June 2017
Volume 58, Issue 8
Open Access
ARVO Annual Meeting Abstract  |   June 2017
RPE65 Has a Secondary Activity as the Lutein to meso-Zeaxanthin Isomerase in the Vertebrate Eye
Author Affiliations & Notes
  • Paul S Bernstein
    Ophthalmology and Visual Sciences, Moran Eye Center/University of Utah School of Medicine, Salt Lake City, Utah, United States
  • Raji Shyam
    Ophthalmology and Visual Sciences, Moran Eye Center/University of Utah School of Medicine, Salt Lake City, Utah, United States
  • Aruna Gorusupudi
    Ophthalmology and Visual Sciences, Moran Eye Center/University of Utah School of Medicine, Salt Lake City, Utah, United States
  • Kelly Nelson
    Ophthalmology and Visual Sciences, Moran Eye Center/University of Utah School of Medicine, Salt Lake City, Utah, United States
  • Martin Horvath
    Biology, University of Utah, Salt Lake City, Utah, United States
  • Footnotes
    Commercial Relationships   Paul Bernstein, None; Raji Shyam, None; Aruna Gorusupudi, None; Kelly Nelson, None; Martin Horvath, None
  • Footnotes
    Support  NIH grants EY11600 and EY14800; Research to Prevent Blindness
Investigative Ophthalmology & Visual Science June 2017, Vol.58, 3579. doi:
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      Paul S Bernstein, Raji Shyam, Aruna Gorusupudi, Kelly Nelson, Martin Horvath; RPE65 Has a Secondary Activity as the Lutein to meso-Zeaxanthin Isomerase in the Vertebrate Eye. Invest. Ophthalmol. Vis. Sci. 2017;58(8):3579.

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      © ARVO (1962-2015); The Authors (2016-present)

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Abstract

Purpose : meso-Zeaxanthin is a macula-specific carotenoid that has no common dietary sources. Lutein is hypothesized to be the precursor for meso-zeaxanthin, but the process by which this reaction occurs under physiological conditions is not understood. Our previous work determined that the production of meso-zeaxanthin in the chicken embryonic eye occurs in a developmentally regulated manner. We showed that the production of meso-zeaxanthin specifically begins at E17 in the RPE/choroid and that the amount of this carotenoid steadily increases in the eye as the embryo ages. In the present study, we determined the biochemical mechanism underlying meso-zeaxanthin production.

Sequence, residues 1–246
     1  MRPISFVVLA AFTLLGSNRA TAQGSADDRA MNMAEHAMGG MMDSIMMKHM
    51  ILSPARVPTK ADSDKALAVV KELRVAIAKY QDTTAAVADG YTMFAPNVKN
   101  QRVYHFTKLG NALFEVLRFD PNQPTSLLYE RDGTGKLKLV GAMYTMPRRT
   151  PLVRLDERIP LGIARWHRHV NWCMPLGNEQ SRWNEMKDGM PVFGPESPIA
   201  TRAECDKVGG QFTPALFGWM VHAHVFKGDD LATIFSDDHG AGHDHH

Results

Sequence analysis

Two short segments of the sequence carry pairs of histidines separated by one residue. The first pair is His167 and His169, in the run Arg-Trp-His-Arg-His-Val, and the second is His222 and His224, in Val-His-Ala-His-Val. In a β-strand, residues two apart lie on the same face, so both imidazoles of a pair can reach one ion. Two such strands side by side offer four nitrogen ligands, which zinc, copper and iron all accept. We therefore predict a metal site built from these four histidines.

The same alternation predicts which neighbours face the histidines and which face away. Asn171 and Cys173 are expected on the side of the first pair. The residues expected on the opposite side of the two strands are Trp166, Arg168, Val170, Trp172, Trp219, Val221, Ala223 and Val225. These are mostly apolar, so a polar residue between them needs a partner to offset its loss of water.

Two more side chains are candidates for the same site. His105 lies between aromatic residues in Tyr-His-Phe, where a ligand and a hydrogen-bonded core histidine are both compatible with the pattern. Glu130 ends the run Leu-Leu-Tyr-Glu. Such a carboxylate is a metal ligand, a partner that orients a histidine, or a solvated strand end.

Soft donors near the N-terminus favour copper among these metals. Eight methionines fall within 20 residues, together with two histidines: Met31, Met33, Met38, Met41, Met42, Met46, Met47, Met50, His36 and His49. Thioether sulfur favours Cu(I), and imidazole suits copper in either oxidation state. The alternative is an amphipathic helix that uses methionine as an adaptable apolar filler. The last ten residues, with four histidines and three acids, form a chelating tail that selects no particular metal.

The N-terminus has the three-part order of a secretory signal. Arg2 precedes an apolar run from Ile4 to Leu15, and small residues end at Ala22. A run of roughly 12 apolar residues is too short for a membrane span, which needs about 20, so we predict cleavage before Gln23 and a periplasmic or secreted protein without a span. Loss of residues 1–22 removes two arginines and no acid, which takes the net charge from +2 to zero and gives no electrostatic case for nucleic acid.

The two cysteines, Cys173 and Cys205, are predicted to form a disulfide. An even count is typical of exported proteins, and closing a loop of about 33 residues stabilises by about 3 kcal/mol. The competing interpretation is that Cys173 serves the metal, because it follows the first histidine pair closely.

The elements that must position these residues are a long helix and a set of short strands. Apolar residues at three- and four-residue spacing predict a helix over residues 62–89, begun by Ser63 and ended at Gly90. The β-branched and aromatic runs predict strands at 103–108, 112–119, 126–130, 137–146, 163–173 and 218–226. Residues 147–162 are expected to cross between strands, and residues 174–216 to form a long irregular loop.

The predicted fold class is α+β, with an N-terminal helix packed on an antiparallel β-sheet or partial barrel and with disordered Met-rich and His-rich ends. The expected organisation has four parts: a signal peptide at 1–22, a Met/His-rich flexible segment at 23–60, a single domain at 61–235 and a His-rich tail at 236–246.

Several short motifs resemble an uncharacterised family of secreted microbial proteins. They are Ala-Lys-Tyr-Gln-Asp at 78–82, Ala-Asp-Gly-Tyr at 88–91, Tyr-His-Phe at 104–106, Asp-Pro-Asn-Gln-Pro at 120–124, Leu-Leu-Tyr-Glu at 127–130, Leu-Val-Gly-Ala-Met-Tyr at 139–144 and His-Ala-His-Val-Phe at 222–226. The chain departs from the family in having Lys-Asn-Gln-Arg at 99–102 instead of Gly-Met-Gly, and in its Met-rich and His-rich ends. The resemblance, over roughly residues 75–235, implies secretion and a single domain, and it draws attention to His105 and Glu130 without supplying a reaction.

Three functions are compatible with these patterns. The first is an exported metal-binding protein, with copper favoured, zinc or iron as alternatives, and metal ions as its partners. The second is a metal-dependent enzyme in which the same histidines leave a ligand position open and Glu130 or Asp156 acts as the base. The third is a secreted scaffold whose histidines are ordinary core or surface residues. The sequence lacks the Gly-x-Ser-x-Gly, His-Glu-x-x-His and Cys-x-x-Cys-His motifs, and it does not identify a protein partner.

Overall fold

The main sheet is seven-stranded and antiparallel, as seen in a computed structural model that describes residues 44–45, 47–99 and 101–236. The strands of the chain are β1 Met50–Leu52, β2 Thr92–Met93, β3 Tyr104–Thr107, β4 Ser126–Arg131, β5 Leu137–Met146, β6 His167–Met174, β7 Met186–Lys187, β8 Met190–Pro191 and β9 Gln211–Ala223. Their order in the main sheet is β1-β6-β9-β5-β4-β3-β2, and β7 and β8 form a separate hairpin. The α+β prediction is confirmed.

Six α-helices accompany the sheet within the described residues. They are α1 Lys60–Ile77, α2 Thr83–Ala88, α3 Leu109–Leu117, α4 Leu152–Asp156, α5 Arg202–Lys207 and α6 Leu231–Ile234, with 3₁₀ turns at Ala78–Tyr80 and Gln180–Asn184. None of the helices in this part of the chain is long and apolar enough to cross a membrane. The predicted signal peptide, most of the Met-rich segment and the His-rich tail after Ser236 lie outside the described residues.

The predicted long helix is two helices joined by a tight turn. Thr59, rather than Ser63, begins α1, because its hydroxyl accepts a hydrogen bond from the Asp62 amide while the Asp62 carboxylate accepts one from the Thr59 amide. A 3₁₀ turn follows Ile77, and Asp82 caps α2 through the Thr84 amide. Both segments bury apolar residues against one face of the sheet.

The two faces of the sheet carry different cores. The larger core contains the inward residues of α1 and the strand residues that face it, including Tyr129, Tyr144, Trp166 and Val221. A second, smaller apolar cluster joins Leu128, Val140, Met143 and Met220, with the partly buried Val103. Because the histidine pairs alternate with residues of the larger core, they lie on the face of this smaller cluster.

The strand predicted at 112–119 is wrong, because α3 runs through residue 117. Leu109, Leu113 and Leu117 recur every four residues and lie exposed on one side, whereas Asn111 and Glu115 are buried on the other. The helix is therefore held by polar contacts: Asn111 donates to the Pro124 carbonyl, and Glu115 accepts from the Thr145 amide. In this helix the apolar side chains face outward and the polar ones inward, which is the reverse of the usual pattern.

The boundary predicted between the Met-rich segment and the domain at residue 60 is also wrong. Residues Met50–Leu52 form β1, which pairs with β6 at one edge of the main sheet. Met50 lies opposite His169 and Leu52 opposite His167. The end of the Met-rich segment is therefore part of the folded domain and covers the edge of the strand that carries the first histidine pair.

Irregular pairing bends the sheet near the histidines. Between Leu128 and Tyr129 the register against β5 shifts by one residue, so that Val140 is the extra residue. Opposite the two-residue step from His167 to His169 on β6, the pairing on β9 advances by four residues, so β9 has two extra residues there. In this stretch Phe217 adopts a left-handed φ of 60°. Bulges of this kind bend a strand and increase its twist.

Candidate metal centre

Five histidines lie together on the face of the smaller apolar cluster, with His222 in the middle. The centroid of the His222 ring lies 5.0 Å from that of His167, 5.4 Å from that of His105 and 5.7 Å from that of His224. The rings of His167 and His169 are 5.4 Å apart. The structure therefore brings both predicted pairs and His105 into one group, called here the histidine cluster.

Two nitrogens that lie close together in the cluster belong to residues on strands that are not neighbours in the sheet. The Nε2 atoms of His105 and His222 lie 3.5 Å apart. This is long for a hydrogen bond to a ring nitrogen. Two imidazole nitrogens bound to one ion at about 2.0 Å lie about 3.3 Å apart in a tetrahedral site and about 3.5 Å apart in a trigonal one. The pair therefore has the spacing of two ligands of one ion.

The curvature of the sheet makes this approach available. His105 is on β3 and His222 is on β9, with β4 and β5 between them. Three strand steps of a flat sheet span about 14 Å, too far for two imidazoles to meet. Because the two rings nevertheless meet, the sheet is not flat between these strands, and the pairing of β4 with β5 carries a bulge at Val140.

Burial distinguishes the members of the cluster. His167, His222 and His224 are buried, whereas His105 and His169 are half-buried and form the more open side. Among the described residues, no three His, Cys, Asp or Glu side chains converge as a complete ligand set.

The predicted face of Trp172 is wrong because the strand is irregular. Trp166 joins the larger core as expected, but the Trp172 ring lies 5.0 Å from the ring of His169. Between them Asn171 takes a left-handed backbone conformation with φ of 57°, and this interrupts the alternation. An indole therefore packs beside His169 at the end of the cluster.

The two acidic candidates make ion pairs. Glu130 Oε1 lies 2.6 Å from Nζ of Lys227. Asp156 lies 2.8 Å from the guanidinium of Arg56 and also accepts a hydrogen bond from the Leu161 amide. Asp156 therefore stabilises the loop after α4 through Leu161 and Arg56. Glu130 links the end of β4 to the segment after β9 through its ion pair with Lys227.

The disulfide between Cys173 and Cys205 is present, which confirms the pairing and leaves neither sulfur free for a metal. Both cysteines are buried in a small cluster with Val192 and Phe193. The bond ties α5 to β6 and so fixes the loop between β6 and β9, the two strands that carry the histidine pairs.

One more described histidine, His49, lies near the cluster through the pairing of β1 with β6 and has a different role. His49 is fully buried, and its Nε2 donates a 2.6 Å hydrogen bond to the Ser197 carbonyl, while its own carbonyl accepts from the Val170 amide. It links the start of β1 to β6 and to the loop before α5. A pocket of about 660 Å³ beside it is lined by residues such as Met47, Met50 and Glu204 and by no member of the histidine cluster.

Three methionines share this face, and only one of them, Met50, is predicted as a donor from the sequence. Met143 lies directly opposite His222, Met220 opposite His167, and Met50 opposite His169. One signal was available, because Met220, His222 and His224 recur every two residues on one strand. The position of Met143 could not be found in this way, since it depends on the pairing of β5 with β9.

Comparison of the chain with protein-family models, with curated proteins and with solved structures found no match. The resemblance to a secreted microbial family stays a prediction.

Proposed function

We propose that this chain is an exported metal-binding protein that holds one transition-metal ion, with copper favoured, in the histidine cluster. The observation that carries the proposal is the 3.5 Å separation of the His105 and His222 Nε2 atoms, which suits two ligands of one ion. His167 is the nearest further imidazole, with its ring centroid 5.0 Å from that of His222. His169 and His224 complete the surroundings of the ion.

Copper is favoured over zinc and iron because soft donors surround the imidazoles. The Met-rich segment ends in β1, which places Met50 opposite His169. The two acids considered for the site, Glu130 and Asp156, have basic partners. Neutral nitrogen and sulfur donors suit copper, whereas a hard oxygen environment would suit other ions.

Methods : In order to determine whether lutein is the precursor to meso-zeaxanthin, primary chicken RPE cultures or homogenates of RPE/choroid from E21 embryos were used. RNA-sequencing was conducted on E16 and E21 RPE/choroid isolates to identify candidate isomerase enzymes. Transient transfection of plasmids containing candidate genes, followed by their treatment with pure lutein, were conducted in HEK293T cells. A pharmacological inhibitor, ACU5200, was used to knock down RPE65 activity in chicken embryos, and its effect on meso-zeaxanthin production was determined. Structural docking experiments were conducted to determine whether lutein can interact with the candidate enzyme.

Results : Treatment of E21 chicken primary RPE cells with pure lutein showed the production of meso-zeaxanthin. Similar results were obtained in RPE/choroid homogenates of E21 embryos. RPE65 was identified as one of the top meso-zeaxanthin isomerase candidates in our RNA sequencing. Its transcript levels were upregulated 23-fold between E16 and E21. When HEK293T cells overexpressing chicken RPE65 were treated with lutein, they produced meso-zeaxanthin. In order to abolish RPE65 activity, a pharmacological inhibitor, ACU5200 (a more potent analog of emixustat), was injected into the embryos at E17. The injected embryos showed significant reduction in the meso-zeaxanthin levels in their RPE/choroid, whereas the levels of lutein and zeaxanthin were comparable to those of control embryos. Molecular modeling experiments demonstrated that the epsilon ring of lutein can dock into the active site of RPE65.

Conclusions : Our results indicate that RPE65 is both necessary and sufficient for the production of meso-zeaxanthin from lutein in the vertebrate eye.

This is an abstract that was submitted for the 2017 ARVO Annual Meeting, held in Baltimore, MD, May 7-11, 2017.

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